Last month, I wrote a post in which I argued that Nasscom, the Indian IT industry trade association, was setting Indian IT companies up for failure in the United States by focusing on what the U.S. government needs to change, rather than on the conduct that Indian companies need to change. Ameet Nivsarkar, the Nasscom vice president who had made the comments that prompted my post, subsequently emailed me to provide a response, the full text of which I posted. Nivsarkar welcomed me to write to him if I needed any further information. So I did.
I sent Nivsarkar an email with seven questions. Because he was traveling, he forwarded the questions to a Nasscom spokesperson, who provided the responses. Here are my questions, and the responses I received:
QUESTION: In what sense is Nasscom “concerned over recent investigation in the U.S. involving some Indian companies”?
ANSWER: Nasscom has always championed the need for a high level of scrutiny and documentation to be maintained by the industry in visa applications and filings. On multiple occasions, Nasscom has partnered with the U.S. State Department in India to hold workshops for educating the industry and creating awareness. However, we understand that in many areas parameters governing H1B/L1 visas are not clearly defined. Our concern is that without tangible and unambiguous legislation, investigations cannot be carried out objectively.
QUESTION: With respect specifically to the investigation of Infosys, is it Nasscom’s belief that the investigation is unwarranted or unfair in any way?
ANSWER: We do not comment on company-specific issues.
QUESTION: Do you disagree with the contention that Indian IT companies have willfully and knowingly violated U.S. immigration and tax laws?
ANSWER: Our view on this broadly is that visa regimes in most countries, including the U.S., were framed in the late 1980s and early 1990s. However, much has changed since and just tweaking visa rules cannot be a solution when there is a need for a comprehensive review of what exists today. Visa rules for work have to be different from those for people seeking to migrate. In a globalised world, industry needs movement of a skilled workforce as much as movement of capital and goods across borders. Global companies have large operations across the world, and any willful violation will not be condoned.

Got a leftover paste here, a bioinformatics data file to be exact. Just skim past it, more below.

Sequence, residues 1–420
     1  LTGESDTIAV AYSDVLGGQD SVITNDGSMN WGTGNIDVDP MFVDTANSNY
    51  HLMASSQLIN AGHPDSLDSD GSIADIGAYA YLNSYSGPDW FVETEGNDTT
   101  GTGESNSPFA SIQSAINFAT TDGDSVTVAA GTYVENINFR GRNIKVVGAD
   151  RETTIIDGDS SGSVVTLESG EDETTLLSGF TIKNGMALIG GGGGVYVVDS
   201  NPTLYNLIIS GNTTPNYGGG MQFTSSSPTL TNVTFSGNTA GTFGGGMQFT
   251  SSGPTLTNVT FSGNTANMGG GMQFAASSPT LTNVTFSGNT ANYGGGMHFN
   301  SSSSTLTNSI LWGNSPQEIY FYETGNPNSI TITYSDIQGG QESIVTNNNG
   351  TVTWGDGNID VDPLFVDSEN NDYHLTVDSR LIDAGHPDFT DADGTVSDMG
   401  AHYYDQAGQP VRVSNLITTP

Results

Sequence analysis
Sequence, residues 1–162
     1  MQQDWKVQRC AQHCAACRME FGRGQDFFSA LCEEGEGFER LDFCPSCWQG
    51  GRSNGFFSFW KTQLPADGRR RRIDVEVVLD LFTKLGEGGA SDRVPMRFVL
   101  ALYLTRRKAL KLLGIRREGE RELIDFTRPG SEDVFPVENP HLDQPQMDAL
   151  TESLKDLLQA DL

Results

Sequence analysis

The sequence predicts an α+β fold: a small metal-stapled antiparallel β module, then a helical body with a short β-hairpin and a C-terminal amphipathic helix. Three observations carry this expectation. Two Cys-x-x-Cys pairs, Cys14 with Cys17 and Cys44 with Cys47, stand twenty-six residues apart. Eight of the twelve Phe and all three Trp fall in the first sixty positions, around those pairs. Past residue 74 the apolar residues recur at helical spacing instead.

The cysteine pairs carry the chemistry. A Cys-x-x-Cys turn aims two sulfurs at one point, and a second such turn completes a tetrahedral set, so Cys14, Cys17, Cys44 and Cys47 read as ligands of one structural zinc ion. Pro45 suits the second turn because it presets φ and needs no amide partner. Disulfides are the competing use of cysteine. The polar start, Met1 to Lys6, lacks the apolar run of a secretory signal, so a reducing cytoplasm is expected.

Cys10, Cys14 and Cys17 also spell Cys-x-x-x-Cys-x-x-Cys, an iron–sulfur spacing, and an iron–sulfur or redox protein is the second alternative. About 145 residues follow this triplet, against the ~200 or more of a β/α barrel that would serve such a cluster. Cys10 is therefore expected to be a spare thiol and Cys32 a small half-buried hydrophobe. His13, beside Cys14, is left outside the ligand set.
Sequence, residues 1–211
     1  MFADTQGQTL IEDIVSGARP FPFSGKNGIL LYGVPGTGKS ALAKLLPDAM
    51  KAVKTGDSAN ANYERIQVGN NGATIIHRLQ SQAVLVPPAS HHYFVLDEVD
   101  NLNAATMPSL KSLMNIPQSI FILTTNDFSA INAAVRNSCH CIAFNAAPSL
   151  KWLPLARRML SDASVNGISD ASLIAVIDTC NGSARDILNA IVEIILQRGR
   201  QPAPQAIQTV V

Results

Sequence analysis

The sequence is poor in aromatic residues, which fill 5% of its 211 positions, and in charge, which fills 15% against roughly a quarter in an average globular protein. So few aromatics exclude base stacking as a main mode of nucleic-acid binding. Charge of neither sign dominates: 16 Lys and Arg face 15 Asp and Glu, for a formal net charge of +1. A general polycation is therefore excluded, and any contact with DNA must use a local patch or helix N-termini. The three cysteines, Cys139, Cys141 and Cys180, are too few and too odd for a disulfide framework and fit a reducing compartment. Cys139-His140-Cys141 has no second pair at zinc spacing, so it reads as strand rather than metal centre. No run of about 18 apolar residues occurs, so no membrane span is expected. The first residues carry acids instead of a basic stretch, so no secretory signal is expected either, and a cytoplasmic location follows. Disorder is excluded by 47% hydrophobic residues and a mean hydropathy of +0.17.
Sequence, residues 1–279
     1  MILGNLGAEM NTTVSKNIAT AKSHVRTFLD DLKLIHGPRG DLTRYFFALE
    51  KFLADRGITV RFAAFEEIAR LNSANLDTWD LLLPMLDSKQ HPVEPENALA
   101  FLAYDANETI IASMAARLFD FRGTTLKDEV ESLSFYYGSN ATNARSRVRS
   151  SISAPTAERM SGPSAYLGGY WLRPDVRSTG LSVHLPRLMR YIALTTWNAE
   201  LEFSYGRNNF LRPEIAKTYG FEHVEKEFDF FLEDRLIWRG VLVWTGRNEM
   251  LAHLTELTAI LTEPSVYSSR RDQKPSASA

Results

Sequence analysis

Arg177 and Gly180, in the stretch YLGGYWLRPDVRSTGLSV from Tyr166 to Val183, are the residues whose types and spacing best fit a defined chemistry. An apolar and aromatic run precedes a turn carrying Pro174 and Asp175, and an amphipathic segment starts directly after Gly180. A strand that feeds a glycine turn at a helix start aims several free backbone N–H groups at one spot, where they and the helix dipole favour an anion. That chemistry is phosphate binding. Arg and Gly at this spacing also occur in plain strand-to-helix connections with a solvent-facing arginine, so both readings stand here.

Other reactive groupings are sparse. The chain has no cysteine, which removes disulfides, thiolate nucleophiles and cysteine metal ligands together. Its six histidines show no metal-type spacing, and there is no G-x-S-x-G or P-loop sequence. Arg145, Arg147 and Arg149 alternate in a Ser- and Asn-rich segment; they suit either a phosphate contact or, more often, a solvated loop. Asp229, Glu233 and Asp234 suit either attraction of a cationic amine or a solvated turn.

QUESTION: To what extent is the backlash from the willful violation of U.S. immigration and tax laws by Indian companies a factor in the rise of the visa rejection rate to 40 percent?
ANSWER: We would not be in a position to know this.
QUESTION: To what does Nasscom attribute the fact that the visa rejection rate has risen to 40 percent?
ANSWER: The recent cases of visa rejection is a matter of immense concern for Indian IT and has been impacting the workflow of companies, in addition to causing them additional expenditure. Nasscom is talking to the U.S. government on behalf of the industry. The problem seems to be that the parameters governing H1B and L1 visas are not clearly defined. In most of these cases, companies as well as visa adjudicators have had challenges in interpreting the language. Our only request to the U.S. government has been to have tangible, unambiguous and clear guidelines that leave no room for interpretation. I am enclosing herewith a letter that was written by 60 American companies to the President of the U.S. on the rejection issue.
QUESTION: Of the 280,000+ jobs that the Indian IT industry has created and supports in the U.S., what percentage of those jobs are held by U.S. citizens?
ANSWER: The industry itself has invested significantly in the U.S. The Indian IT industry has created and supports over 280,000 jobs in the U.S. and has contributed over $15 billion in taxes to the U.S. Treasury. A study done by Nasscom-Zinnov, which was released in March this year, shows that 200,000 of the 280,000 jobs are held by U.S. residents.
QUESTION: What exactly is the “flawed logic” you were referring to in the statement that was quoted in the article I referenced?
ANSWER: What we intended was there is a general perception that the prevailing high unemployment rate is due to the Indian IT industry. However, a deep dive in non-farm payroll data (of the last four years) reveals that maximum job losses have been in construction, retail, manufacturing and government sectors and not in the tech sector. The unemployment rate for [skilled] people with a Bachelor degree is 4.2 percent, compared to the national rate of 8.1 percent, and 12.6 percent for people with less than a high school diploma. In economic theories, any rate of around 4 percent depicts a skills shortage.